The Search For Meaning (and other stupid human compulsions)


I really shouldn't own photoshop... 

The search for meaning is the stupidest, most meaningless (see what I did there?) endeavor in the universe (unless you count The Amazing Race). I blame farmers.  Farms gave humans enough food that they weren't using every minute of every day trying to find some way to stave off hunger.  That meant that they had time to think. And talk to each other philosophically. And THAT, my friends, was the beginning of the search for meaning.

"My mother's hut was on fire- what does that mean?"

"My hair is falling out- what does that mean?"

"That french phrase you just said- what does that mean?"

It's all a worthless pursuit.  And yet we humans are compelled to pursue it. Doggedly. Religiously.

Is a life without any over-arching meaning really so horrible? If nothing actually means anything, are we any worse off? I look at my life (such as it is), and I can see nothing cosmically significant about it. Sure, I have an effect on the world in the arbitrary "butterfly effect" sense. My actions have ripples of consequence that, I'm sure, could be quite important somehow, but nothing that would change anything in any "meaningful" sort of way.

What kind of consequence? What's a "butterfly effect"? Well, dear reader, I guess I'm thinking of the kind of action/reaction sequence that follows small, seemingly inconsequential doings as they cause larger and larger repercussions, until some grand thing has resulted. Por ejemplo (and I want to be clear that this is totally hypothetical):

I choose to write some claptrap on this dumb website, and some poor schlub reads it. The schlub, then despondent that so much of his or her time has been wasted, grumps at their co-worker who, until that moment was having a pretty good week. That co-worker, now quite annoyed, decides to channel that annoyance into writing a particularly scathing review of Bill O'Reilly's Those Who Trespass: A Novel of Television and Murder.

Take THAT, Billo! 
 Don't read this book

This review, (which, let's be honest, was more motivated by a hatred of the author's politics than his "clunky prose") is so clever in its snark, that several popular blogs reproduce it, and it goes viral. This delights Mr O'Reilly, who knows that any publicity is good publicity, but manages to positively infuriate one Ronald J. Lupinski, a middle-aged ex marine living in Florence, KY. Ronald (Ronny to his coworkers at the "Steak and Shake" off Houston Road), who loved the book, decides he's fed up with all the damned liberals thinking they're so much smarter than everybody else, and is finally ready to do something about it. So he drives his beat-up Ford Festiva across the river into Cincinnati, OH (which he has always thought was way too "uppity" a city), and plants the bomb that he believes will knock some sense into the liberal media, at the building that houses local ABC affiliate WCPO, Channel 9 ("WCPO: On Your Side").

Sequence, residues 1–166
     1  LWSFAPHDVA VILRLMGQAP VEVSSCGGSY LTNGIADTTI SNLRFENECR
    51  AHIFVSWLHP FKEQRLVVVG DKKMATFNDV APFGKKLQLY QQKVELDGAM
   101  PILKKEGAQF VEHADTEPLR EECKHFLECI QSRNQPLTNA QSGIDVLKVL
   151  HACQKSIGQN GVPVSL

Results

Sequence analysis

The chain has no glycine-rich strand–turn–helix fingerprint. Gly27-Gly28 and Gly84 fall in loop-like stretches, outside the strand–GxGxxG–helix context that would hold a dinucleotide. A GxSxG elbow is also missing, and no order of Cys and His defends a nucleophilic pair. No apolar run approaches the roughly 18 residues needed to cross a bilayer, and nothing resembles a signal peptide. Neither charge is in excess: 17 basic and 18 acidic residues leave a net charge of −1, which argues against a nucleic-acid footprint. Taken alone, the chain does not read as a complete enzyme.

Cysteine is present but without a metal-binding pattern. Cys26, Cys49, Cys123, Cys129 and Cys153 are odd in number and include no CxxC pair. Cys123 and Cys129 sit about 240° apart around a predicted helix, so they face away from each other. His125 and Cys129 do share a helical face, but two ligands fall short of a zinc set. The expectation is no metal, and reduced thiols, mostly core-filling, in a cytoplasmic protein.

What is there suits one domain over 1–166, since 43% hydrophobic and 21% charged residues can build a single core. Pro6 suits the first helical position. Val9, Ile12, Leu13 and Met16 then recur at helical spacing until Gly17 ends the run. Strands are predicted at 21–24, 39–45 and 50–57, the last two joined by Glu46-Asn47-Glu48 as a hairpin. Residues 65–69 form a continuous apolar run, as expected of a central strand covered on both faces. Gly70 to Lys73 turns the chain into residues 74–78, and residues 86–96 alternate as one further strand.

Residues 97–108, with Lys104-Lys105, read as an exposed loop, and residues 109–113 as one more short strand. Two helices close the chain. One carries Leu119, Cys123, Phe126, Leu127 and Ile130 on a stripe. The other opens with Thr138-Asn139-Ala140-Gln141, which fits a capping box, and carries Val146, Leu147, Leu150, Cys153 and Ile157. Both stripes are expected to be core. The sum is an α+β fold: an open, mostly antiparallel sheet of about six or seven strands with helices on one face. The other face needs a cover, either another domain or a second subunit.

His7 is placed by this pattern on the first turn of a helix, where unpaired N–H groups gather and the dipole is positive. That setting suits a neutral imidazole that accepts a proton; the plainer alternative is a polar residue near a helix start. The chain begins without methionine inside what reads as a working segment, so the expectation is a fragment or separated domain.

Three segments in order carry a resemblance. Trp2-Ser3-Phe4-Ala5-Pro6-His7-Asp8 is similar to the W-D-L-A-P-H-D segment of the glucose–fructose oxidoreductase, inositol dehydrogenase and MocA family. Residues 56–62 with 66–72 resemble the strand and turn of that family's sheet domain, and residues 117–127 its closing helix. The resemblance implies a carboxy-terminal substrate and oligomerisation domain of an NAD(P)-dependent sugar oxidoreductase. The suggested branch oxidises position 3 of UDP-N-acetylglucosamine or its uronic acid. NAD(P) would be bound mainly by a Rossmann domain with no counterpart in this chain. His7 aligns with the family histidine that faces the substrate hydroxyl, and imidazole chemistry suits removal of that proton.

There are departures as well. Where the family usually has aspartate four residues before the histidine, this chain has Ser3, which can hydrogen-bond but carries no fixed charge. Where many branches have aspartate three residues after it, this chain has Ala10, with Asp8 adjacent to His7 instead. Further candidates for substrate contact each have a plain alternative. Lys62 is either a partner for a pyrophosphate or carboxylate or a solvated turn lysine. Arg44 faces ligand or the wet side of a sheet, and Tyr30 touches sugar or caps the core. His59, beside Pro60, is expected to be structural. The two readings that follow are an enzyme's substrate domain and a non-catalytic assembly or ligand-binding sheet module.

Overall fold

With the bomb he leaves a note, outlining his political views, his reasoning behind the bombing, and his absolute hatred for WCPO's anchor man, Clyde Gray. Ronny's triumphant excitement as he drives away, however, is interrupted by his realization that nobody will be able to read his note if the bomb blows it up. Panicked, he grabs his cell phone and calls the station telling them that somebody should go read that note, and maybe broadcast it, before it's too late. This, of course leads to the calling of police, and the deployment of the bomb squad, who, after four hours of extremely careful work, realize that the "bomb" amounts to little more than a gym bag full of gasoline cans and a crude (and, it turns out, ineffective) timing device meant to cause a spark at exactly 11:00 PM, the moment when Clyde Gray gives his cloyingly cheerful greeting for the nightly news.

Mr. Lupinski is subsequently arrested and quickly imprisoned. His note, entitled "You Are All Hores [sic] And Deserves [sic] To Die" is published by the station, and itself goes viral. Becoming both a leftist anti-violence rallying cry and internet humor meme rivaling "all your base are belong to us," "you are all hores and deserves to die" takes off as a popular catchphrase. 

The End.

So now you can see how one innocent little post on a blog can lead to a popular internet catchphrase. Or… I mean… I suppose there are less roundabout ways that could happen, too… but… um…. What point was I trying to illustrate? The butterfly effect? Why the hell was I on about the butterfly effect? Jesus, now I have to go back and check what the hell I was trying to say in the first place… Hang on…

MEANING? I started this whole rant as a "there is no meaning" thing? How the hell did I get that off track? You see?! This is what happens when I just let my mind run free and write without paying any attention to what I'm trying to say! Just writing for my own enjoyment, with no worrying about making any sort of real statement. 


I kind of like it. 


3 thoughts on “The Search For Meaning (and other stupid human compulsions)

  1. I totally agree, that the stupidest thing someone can do, is the search for meaning. But I thank God/Evolution that it brought farming into existence. It is much more fun to sit on a beach with a sixpack of beer and do stupid things,than “using every minute of every day trying to find some way to stave off hunger”.

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